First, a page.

Hubble completes its latest tour of the outer solar system

The Hubble Space Telescope is a joint project between NASA and the ESA. Teams operating the telescope have announced that it completed its annual tour of the outer solar system. The outer solar system is the realm of massive planets much larger than Earth, including Jupiter, Saturn, Uranus, and Neptune.

These planets are vastly more distant from the Sun than the Earth and are nothing like our planet. These distant planets are made up of extremely cold gaseous mixtures of hydrogen, helium, ammonia, methane, and other trace gases. Those frigid gases surround very hot and compact cores.

Hubble teams note that each time the space telescope turns its sharp eyes to those worlds, they discover new surprises and insights into the weather and other conditions on the planets. Hubble observations of Jupiter allow researchers to track any change in the turbulent atmosphere of the planet. In this year's observations, new storms are noted around the planet's equator, which has changed color. In the image here, taken on September 4, the equatorial zone is a deep orange color that is unusual, according to researchers.

Typically the equator has been white or beige over the last few years. Astronomers also noted several new storms, which are called barges. They are defined as cyclonic vortices and vary in appearance, with some of the storms being sharp and well defined while others are hazy and fuzzy. The differences in appearance are the result of physical properties within the vortices.

Hubble also took a gander at Saturn, the massive ringed world. The photograph here of Saturn was taken on September 12 and illustrated some of the color changes in the bands within the planet's northern hemisphere. In that northern hemisphere, it's currently autumn. Those bands changed colors since Hubble observations in 2019 and 2020. The image shows the southern hemisphere of Saturn as well, which is in winter and has a bluish tint.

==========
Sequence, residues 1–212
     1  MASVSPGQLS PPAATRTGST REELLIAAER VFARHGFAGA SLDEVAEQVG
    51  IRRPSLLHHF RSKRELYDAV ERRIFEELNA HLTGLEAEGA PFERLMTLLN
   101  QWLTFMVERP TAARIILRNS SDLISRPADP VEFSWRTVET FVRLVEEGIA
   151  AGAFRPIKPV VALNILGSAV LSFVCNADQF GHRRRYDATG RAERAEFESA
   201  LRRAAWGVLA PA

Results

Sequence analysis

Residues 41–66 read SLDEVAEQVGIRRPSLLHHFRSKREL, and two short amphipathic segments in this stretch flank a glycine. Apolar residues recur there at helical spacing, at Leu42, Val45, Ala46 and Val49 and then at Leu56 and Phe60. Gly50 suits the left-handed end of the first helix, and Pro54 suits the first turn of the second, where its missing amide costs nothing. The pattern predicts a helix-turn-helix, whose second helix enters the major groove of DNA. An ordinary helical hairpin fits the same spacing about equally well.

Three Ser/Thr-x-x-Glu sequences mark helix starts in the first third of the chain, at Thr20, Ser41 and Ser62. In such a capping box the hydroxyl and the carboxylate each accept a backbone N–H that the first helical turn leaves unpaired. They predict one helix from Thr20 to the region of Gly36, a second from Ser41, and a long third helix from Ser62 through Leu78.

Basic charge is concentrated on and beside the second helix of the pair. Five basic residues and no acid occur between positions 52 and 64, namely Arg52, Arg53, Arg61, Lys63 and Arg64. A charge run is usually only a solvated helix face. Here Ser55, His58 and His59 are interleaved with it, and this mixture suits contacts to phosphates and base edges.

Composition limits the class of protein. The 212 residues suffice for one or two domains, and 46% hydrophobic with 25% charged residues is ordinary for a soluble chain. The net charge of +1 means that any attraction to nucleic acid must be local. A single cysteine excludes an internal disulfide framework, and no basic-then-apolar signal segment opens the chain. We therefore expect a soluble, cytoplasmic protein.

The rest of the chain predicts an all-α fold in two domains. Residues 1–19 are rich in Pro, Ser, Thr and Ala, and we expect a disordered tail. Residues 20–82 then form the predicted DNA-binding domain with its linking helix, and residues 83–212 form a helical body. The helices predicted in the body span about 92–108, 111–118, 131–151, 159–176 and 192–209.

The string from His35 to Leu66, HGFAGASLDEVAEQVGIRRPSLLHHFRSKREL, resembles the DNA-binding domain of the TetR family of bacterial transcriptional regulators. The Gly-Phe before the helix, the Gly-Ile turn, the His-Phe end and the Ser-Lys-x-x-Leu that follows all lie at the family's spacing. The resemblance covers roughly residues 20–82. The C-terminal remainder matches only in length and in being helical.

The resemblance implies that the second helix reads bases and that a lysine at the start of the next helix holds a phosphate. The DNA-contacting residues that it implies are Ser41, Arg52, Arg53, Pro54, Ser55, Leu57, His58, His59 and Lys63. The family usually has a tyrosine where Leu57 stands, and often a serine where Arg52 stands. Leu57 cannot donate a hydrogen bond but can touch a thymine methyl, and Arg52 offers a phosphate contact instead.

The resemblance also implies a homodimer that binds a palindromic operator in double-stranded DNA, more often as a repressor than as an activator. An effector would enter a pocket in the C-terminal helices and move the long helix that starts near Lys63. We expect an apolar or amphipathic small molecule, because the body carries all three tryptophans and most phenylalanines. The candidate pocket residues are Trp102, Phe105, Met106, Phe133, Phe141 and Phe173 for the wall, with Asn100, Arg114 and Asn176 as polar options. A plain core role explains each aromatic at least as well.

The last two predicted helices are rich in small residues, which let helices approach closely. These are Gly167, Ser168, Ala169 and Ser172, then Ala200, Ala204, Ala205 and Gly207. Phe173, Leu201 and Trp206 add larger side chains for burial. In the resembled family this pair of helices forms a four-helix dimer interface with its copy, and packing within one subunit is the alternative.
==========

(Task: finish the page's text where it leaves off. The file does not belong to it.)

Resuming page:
The image of Uranus was taken on October 25 and highlighted the northern polar region of the planet. It was springtime in the northern hemisphere when the photograph was taken, causing the area to be brighter than usual, possibly due to an increase in ultraviolet radiation from the sun. Interestingly, researchers aren't sure why the hemisphere seems brighter.

Speculation suggests the change in brightness has to do with the opacity of atmospheric methane or variation in other aerosol particles in the atmosphere. The image also shows the sharp southern boundary remains, which is a feature that has been consistent over the last several years of observations. Speculation suggests jetstream might exist that creates a barrier at a latitude of 43 degrees on the planet.

The image of Neptune was taken on September 7, 2021. With that image, researchers determined that the dark spot on the planet is still visible. That dark spot was recently discovered to have reversed its course after traveling towards the equator in the past. In addition, the northern hemisphere of Neptune has darkened in the photo. The reason that Neptune appears blue is because the methane-rich atmosphere absorbs red light.

All of these images were taken as part of Hubble's yearly mapping as part of the Outer Planets Atmospheres Legacy program. The program captures global views of outer planets each year to record changes in planetary features such as storms, wind, and clouds.